Bill Nygren on Buybacks, David Herro on Emerging Markets in Insights from Oakmark
Opportunities in domestic energy
Clyde McGregor, Oakmark Equity and Income
We look for companies that exploit technological developments effectively and have acreage positions that will enable them to derive value from these new technologies. We see our energy holdings as being companies that have an above-average ability to grow intrinsic value per share.
But energy stocks oftentimes act as proxies for the commodity price, rather than as discounting mechanisms for the values of the business. When a stock gets knocked way out of kilter relative to what we understand to be its intrinsic value per share, it's our job to jump on them and add to our positions.
There's a lot of big hats with no cattle in the energy industry – people who say a lot more than they actually do. We don't have the ability to see underground, to see precisely what resource potential Concho, Cimarex or whoever has available. We have to go by their audited reserve positions, but we model these assets very carefully and we pay incredible attention to transactions.
We think that this U.S. energy renaissance is going to be a long-term factor. The technology has evolved and I think it will continue to be a helpful force in economic development and will distinguish us from much of the rest of the world. I think that we own some companies that are benefiting and will continue to benefit from this technological development.
The benefits of buybacks
Bill Nygren, Oakmark Fund
One of the reasons we continue to be positive on stocks, is that we believe that acquisitions and share repurchases will continue to make EPS growth meaningfully exceed earnings growth.
Many consider this growth as unsustainable or even financial engineering. But lowering the share base and making acquisitions, while strengthening the balance sheet, to us demonstrates sustainability.
We continue to expect companies to return more capital to shareholders through both share repurchase and accelerated dividend growth, and to continue making acquisitions that don’t require share issuance.
Short-term investors today clearly prefer dividends, but if we are right that the shares are significantly undervalued today, as long-term holders we’ll be better served by seeing that cash used to increase our ownership percentage than if we were returned that capital through dividends today.
Why emerging markets miss on value
David Herro, Oakmark International
Our industry and geographic weights are really a function of where we're finding company-specific value. In late 1990s, when emerging market valuations were extremely attractive, we had well more than 20 percent invested in companies located in emerging markets. Now we have next to none.
A recent article in Barron’s suggested that, since the BRICs are trading in a 33% discount to the MSCI World, they're cheap and they deserve merit.
The problem is when you dig down into that number, the stocks that are really selling cheap tend to be the big state-owned or state-related enterprises, or the big mining companies, or the big financials. And these are companies that trade at six, seven, eight times earnings, that look cheap, but they're on peak earnings. Or if they're a bank, they haven't accounted for the loan losses. And the good-quality, midsized companies, the companies that don't have state involvement, trade at much, much higher multiples but are a much smaller part of the index.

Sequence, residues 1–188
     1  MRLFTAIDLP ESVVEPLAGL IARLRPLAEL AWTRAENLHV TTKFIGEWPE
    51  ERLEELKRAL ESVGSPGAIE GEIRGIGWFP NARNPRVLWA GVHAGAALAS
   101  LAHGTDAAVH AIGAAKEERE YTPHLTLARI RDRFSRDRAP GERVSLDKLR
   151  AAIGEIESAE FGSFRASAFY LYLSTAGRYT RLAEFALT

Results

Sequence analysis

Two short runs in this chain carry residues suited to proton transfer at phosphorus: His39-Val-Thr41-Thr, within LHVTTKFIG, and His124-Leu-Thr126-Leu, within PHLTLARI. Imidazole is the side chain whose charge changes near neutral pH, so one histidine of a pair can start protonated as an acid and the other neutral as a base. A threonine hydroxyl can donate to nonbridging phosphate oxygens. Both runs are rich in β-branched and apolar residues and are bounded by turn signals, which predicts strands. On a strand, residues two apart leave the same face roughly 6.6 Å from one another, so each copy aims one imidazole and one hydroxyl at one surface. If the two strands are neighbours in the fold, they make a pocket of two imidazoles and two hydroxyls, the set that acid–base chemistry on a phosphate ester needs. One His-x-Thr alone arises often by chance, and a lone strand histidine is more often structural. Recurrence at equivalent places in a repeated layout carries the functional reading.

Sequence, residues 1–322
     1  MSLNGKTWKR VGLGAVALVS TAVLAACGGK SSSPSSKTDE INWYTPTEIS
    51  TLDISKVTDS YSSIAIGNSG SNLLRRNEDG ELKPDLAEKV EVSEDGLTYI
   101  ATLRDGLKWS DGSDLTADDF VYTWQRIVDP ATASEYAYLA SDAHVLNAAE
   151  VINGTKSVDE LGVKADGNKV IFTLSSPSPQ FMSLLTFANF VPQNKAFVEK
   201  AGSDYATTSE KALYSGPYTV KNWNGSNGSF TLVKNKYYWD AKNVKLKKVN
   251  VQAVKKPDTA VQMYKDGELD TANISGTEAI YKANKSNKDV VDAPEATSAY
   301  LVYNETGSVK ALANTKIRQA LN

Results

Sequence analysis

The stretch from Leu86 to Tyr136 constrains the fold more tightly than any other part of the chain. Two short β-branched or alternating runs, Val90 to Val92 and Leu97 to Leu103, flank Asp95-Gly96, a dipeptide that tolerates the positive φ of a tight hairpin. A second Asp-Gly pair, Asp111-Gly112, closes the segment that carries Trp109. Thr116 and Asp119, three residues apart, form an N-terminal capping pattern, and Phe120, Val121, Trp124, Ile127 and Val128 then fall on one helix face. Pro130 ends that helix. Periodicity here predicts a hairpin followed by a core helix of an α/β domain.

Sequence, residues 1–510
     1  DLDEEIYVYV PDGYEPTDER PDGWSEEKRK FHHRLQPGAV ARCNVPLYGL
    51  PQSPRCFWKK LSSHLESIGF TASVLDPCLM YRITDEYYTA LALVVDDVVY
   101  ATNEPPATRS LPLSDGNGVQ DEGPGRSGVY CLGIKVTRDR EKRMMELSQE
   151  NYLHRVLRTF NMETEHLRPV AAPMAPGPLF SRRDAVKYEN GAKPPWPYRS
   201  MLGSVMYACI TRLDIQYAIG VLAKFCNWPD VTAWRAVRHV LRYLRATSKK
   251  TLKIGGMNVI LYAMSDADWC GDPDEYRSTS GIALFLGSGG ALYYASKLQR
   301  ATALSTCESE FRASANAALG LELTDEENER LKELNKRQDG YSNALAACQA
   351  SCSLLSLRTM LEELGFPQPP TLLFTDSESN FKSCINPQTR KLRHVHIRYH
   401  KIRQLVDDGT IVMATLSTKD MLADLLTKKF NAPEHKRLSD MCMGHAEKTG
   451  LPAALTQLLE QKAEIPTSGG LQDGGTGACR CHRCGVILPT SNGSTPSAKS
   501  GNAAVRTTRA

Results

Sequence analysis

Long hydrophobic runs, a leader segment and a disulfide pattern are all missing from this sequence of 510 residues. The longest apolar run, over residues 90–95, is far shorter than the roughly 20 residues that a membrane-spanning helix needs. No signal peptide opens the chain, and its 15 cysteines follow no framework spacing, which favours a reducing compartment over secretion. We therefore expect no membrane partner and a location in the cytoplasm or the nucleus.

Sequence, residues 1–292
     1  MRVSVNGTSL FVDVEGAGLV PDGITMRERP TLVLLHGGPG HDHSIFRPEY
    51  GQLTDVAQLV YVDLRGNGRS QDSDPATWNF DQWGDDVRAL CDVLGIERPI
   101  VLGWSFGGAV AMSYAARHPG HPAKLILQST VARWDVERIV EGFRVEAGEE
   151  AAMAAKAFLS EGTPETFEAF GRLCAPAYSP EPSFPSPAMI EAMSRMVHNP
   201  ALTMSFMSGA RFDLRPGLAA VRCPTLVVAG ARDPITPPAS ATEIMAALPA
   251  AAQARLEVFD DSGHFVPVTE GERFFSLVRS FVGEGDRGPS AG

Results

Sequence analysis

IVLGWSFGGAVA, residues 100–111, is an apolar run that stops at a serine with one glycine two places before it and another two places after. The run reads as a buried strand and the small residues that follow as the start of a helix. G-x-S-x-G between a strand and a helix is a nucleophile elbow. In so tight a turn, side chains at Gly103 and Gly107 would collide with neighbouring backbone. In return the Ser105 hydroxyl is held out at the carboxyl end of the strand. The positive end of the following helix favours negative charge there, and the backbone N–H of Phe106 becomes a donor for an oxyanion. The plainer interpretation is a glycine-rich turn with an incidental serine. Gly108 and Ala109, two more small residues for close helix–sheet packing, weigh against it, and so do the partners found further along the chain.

So on the surface, emerging markets may look cheap. In practicality, in reality – in our view – they are not.
As of 3/31/13, Concho Resources (NYSE:CXO) represented 0.8% and Cimarex Energy (NYSE:XEC) 1.4% of the Oakmark Equity and Income Fund’s total net assets. Portfolio holdings are subject to change without notice and are not intended as recommendations of individual stocks.
The Oakmark Equity and Income Fund invests in medium- and lower-quality debt securities that have higher yield potential but present greater investment and credit risk than higher-quality securities. These risks may result in greater share price volatility. An economic downturn could severely disrupt the market in medium or lower grade debt securities and adversely affect the value of outstanding bonds and the ability of the issuers to repay principal and interest.
Because The Oakmark Select Fund is non-diversified, the performance of each holding will have a greater impact on the fund’s total return, and may make the fund’s returns more volatile than a more diversified fund.
The Oakmark and Oakmark International fund portfolio’s tends to be invested in a relatively small number of stocks. As a result, the appreciation or depreciation of any one security held by the Fund will have a greater impact on the Fund’s net asset value than it would if the Fund invested in a larger number of securities. Although that strategy has the potential to generate attractive returns over time, it also increases the Fund’s volatility.
Investing in foreign securities presents risks that in some way may be greater than U.S. investments. Those risks include: currency fluctuation; different regulation, accounting standards, trading practices and levels of available information; generally higher transaction costs; and political risks.
EPS refers to Earnings Per Share and is calculated by dividing total earnings by the number of shares outstanding.
The MSCI World Index (Net) is a free float-adjusted, market capitalization-weighted index that is designed to measure the global equity market performance of developed markets. This benchmark calculates reinvested dividends net of withholding taxes using Luxembourg tax rates. This index is unmanaged and investors cannot invest directly in this index.